Magnification of a view brings the image closer, so it appears larger than when seen without binoculars. How close the object needs to be brought is more dependent on the amount of detail the viewer wishes to see. The ability to be able to identify a particular bird from a distance of 500m is different to looking at it in close observational detail.
10 times magnification makes an object at 1000m look the size it would appear if the viewer stood 100m away from it. Something too close to the field of vision will appear distorted and blurred under magnification. The magnification has to suit the subject under observation and the distance it is located from the binoculars' user. The most popular levels of magnification in binoculars are 8x and 10x, which offer a wide view field and reasonable detail. Higher than this level without a tripod mount is impractical because of the exaggeration seen in hand shake.
Extreme High Zoom Magnification
A pair of standard binoculars may have observational lenses with a 50mm diameter, which is a measurement on the border between regular binoculars and telescopic/astronomical size. They might also feature magnification up to 100x. In practice this level of magnification would narrow the field of vision and reduce the exit pupil so much (to 0.5mm) that hardly any light would reach the eye.
The exit pupil is important as it indicates how much usable light enters the eye. As the human eye responds to light and dark by increasing or reducing pupil size, anything above 7mm (the average maximum of an enlarged pupil) will produce light which the human eye ignores and does not process. The light on the periphery of the 7mm boundary is wasted. If the exit pupil presents light through an aperture smaller than the minimum the human eye closes its pupil (2mm-3mm), it is too dark to see.
When the binoculars are held at arm's length and pointed at a bright light, a small circle is observable in the centre of each eyepiece. This is the exit pupil. The wider it is the brighter the view field will appear because of the amount of usable light available to the eyes.
Quality Construction and Materials Matter
Magnification is not the only thing that makes a pair of binoculars good for seeing distant objects. Quality materials and construction add much to the viewing experience and the performance of a pair of binoculars.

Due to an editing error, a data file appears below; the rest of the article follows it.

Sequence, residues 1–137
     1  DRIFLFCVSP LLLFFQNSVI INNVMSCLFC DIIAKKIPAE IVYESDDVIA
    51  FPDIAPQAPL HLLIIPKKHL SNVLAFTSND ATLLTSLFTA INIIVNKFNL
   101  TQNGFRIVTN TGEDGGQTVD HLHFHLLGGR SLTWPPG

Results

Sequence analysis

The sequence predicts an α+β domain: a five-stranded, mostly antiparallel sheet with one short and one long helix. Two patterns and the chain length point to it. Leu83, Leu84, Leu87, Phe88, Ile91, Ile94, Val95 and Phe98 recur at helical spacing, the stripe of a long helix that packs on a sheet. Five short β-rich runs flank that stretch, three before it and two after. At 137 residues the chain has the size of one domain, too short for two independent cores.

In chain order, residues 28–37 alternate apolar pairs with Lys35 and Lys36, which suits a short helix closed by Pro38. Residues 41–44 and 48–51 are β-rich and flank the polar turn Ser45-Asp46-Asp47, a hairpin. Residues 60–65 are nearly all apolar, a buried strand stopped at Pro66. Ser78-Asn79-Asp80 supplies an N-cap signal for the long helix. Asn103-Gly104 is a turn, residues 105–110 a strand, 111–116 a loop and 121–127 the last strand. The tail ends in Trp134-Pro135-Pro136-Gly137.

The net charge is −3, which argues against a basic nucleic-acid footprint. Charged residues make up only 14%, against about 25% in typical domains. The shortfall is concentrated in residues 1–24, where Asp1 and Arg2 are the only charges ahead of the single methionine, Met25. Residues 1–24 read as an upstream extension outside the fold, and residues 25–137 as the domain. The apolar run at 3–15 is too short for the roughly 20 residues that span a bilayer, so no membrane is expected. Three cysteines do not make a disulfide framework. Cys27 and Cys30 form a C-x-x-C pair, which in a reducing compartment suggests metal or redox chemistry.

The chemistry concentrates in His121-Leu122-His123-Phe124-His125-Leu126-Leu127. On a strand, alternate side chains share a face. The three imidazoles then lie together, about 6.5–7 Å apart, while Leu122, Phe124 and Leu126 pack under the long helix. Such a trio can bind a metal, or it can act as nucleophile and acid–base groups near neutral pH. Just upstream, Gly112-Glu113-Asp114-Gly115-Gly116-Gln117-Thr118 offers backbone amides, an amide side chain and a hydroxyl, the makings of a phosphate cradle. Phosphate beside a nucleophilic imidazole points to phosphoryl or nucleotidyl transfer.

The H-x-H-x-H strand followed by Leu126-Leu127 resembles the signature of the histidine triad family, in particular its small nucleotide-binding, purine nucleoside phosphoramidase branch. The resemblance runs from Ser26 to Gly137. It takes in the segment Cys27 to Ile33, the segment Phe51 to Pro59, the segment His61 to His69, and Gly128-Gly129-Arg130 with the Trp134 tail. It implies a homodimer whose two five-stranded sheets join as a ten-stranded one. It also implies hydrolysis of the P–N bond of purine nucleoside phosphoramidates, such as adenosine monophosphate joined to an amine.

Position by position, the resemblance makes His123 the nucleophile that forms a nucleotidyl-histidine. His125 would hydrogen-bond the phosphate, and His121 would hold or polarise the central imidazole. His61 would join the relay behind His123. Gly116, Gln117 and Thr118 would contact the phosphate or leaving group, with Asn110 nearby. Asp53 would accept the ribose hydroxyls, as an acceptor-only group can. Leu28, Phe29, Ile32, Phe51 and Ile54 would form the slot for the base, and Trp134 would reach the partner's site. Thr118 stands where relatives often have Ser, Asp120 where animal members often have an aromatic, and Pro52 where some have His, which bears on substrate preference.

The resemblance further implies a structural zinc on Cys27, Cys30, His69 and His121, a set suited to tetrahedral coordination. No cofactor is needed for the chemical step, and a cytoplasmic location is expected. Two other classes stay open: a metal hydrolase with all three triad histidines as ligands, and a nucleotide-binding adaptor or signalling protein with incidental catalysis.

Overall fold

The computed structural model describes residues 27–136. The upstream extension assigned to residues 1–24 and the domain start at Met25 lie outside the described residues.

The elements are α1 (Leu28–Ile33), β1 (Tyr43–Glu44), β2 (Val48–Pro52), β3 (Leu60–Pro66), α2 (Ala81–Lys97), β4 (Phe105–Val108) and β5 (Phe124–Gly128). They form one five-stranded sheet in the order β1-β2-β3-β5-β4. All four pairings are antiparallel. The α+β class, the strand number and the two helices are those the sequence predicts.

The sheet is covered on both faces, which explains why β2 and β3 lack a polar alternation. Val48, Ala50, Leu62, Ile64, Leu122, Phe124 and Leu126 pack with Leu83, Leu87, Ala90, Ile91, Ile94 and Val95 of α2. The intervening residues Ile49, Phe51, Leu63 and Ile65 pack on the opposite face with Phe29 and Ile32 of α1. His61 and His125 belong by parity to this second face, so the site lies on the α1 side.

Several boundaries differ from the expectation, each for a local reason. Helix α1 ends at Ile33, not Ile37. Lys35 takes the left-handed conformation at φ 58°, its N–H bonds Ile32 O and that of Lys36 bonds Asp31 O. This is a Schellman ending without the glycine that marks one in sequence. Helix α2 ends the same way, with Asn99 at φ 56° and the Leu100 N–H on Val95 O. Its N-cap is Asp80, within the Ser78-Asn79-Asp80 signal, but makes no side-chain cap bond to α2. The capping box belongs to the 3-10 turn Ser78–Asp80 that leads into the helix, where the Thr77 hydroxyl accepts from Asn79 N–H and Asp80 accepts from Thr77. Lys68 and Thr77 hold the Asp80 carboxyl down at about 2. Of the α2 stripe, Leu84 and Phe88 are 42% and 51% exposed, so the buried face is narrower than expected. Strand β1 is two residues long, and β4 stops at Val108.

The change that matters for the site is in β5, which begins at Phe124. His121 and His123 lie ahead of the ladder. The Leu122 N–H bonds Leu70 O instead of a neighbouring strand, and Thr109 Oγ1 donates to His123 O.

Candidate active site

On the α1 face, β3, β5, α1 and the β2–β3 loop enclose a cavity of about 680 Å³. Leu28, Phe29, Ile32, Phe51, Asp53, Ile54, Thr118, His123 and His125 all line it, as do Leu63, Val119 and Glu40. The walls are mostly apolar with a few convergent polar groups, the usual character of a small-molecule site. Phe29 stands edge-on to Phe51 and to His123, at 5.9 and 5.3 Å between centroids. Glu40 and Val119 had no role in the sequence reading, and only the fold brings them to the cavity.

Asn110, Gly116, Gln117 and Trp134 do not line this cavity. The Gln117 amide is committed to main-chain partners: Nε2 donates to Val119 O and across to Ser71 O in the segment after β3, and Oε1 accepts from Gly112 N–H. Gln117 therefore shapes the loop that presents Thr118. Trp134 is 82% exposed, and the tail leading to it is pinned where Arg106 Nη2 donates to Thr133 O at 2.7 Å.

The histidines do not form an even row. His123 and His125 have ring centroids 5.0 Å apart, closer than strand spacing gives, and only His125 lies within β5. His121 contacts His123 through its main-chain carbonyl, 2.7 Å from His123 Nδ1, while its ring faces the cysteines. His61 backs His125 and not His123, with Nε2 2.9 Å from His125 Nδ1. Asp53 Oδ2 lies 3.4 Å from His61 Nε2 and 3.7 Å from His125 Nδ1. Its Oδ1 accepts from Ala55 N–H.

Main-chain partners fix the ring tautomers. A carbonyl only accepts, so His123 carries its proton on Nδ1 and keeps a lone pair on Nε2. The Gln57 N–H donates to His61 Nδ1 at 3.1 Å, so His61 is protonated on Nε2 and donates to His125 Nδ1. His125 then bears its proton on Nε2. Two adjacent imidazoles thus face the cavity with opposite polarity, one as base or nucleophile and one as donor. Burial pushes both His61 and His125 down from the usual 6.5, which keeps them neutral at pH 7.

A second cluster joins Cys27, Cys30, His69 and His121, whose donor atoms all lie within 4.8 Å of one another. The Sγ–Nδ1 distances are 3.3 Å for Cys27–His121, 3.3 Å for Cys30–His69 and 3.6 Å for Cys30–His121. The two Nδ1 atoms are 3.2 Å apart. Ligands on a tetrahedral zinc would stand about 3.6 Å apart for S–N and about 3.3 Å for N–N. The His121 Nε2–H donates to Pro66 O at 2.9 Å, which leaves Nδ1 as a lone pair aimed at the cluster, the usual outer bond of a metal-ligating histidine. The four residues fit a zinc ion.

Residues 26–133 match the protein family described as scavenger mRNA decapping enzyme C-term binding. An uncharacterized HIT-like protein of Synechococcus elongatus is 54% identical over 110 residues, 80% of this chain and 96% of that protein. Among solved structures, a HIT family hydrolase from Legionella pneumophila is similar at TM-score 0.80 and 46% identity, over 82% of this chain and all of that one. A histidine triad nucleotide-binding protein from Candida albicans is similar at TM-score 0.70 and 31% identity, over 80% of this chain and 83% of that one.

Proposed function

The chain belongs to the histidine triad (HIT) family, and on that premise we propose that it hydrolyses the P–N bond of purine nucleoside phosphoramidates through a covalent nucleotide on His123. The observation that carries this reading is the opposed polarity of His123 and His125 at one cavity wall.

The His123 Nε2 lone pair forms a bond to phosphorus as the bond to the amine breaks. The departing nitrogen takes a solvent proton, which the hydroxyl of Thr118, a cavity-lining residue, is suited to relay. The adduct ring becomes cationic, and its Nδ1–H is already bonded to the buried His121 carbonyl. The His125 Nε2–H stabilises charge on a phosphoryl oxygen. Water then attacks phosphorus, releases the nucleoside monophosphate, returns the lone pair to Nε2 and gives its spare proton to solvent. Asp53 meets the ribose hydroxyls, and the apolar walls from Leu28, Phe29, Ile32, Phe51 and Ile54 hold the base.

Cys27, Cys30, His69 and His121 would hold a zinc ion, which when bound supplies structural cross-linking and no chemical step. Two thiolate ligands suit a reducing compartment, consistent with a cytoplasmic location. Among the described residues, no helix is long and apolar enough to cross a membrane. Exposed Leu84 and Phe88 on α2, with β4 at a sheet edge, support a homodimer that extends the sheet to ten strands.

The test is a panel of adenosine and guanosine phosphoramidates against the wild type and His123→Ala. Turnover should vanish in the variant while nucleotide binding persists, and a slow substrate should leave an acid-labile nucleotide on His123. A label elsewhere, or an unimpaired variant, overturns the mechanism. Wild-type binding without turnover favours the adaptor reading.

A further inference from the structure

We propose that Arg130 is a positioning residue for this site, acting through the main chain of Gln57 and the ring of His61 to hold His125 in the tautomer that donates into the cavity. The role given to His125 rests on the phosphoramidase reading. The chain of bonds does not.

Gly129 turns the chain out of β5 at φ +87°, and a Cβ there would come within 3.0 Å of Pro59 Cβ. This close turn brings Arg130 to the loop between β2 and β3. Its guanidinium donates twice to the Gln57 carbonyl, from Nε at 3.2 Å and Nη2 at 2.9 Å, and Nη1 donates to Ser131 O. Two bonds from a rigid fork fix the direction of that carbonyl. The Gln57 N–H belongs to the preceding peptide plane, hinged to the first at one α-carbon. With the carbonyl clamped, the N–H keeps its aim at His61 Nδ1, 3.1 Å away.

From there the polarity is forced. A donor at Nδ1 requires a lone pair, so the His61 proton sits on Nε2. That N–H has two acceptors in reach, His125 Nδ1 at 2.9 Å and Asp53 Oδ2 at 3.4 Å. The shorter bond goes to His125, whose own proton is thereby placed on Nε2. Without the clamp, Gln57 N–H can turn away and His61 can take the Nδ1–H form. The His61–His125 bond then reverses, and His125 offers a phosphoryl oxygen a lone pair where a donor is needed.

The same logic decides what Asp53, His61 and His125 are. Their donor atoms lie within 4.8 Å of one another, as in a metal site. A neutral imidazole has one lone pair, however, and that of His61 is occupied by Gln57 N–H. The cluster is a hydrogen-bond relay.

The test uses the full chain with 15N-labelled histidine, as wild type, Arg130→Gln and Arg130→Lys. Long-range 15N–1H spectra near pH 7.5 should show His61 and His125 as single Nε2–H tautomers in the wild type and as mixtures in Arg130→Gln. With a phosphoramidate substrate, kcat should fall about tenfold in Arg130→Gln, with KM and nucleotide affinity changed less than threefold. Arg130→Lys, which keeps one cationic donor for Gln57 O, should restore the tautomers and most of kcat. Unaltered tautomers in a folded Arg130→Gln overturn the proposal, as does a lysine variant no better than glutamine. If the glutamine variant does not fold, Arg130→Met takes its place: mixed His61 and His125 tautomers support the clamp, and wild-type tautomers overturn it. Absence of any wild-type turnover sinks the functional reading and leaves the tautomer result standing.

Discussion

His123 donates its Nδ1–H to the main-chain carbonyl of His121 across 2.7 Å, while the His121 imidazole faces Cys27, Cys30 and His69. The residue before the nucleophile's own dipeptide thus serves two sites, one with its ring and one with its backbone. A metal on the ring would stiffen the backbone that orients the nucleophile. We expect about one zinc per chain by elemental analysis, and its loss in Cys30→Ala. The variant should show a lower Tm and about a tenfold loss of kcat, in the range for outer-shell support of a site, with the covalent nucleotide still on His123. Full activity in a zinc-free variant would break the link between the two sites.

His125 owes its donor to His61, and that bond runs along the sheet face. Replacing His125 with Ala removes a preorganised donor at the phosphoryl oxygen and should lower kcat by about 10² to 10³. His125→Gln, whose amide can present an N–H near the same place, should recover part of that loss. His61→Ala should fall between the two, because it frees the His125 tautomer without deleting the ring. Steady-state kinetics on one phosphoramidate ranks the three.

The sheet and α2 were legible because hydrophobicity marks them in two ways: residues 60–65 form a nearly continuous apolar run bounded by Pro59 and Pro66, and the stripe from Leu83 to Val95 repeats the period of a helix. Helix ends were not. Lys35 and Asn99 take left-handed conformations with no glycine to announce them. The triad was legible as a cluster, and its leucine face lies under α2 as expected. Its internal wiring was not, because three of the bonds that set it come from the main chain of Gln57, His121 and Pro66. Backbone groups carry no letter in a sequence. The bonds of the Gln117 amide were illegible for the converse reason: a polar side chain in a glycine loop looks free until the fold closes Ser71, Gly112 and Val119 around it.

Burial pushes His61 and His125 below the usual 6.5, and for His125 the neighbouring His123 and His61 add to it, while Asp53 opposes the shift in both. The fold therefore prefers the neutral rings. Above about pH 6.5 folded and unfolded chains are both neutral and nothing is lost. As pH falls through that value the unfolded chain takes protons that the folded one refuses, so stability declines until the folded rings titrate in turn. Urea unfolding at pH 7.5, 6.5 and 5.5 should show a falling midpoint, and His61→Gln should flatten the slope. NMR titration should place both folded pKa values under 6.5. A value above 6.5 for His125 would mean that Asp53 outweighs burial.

Lenses and prisms may be made from glass or some other material such as polycarbonate. Optical-quality glass with a top finish resulting from skilled grinding and polishing, coated with anti-reflection treatments is the best choice for transparent parts. The barrels hold the lenses and prisms in place, and their construction is also important. Robust yet lightweight material is ideal but is expensive, so a compromise is made between the benefits. Cheaper plastics might be used in place of fine metals and thicker skins, creating more weight, are used for better protection. The lens barrels could be made as either one or two piece constructions. The sensitivity level of the focus mechanism can vary widely. Prism mounts and retention mechanisms could be school-project cheap or scientifically sound depending on the types of material used and how parts are assembled. All of these factors contribute to how waterproof a pair of binoculars might be. Any moisture ingress can cause fogging. Outside, water repellent properties on the glass are important so that observations can continue regardless of the weather conditions.
Optimising Binoculars Use
Whatever binoculars are used for, indoors or outdoors, they help to find things. Scanning an arena to spot a particular artist or athlete, a theatre to get a closer view of the stage and the actors' emotions, or woodland to capture an animal in its habitat will require knowledge of distance and appropriate focus settings. Handling the equipment with ease and comfort is learned through practise. As confidence develops, the switch from one magnification to another is readily performed with smooth transition as the image is brought closer for detailed scrutiny.
Shape to Suit
Binoculars are offered in three basic shapes. Traditional binoculars have their observational lenses set wider than the ocular lenses which line up with the eyes. These tend to be bulky and take up considerable room in bags or when strung around the neck. Their larger observational lenses, usually 40mm-50mm, receive more light than compact binoculars, and for work in low light conditions such as twilight or in dark woodland, they are a superior instrument. Their shape accommodates Porro prisms, a staggered dog-leg arrangement for bouncing the received light. Porro prisms usually manipulate the light path through mechanical movement of the eyepieces in or out to focus the binoculars and can be prone to premature wear or resultant misalignment in poorly manufactured equipment.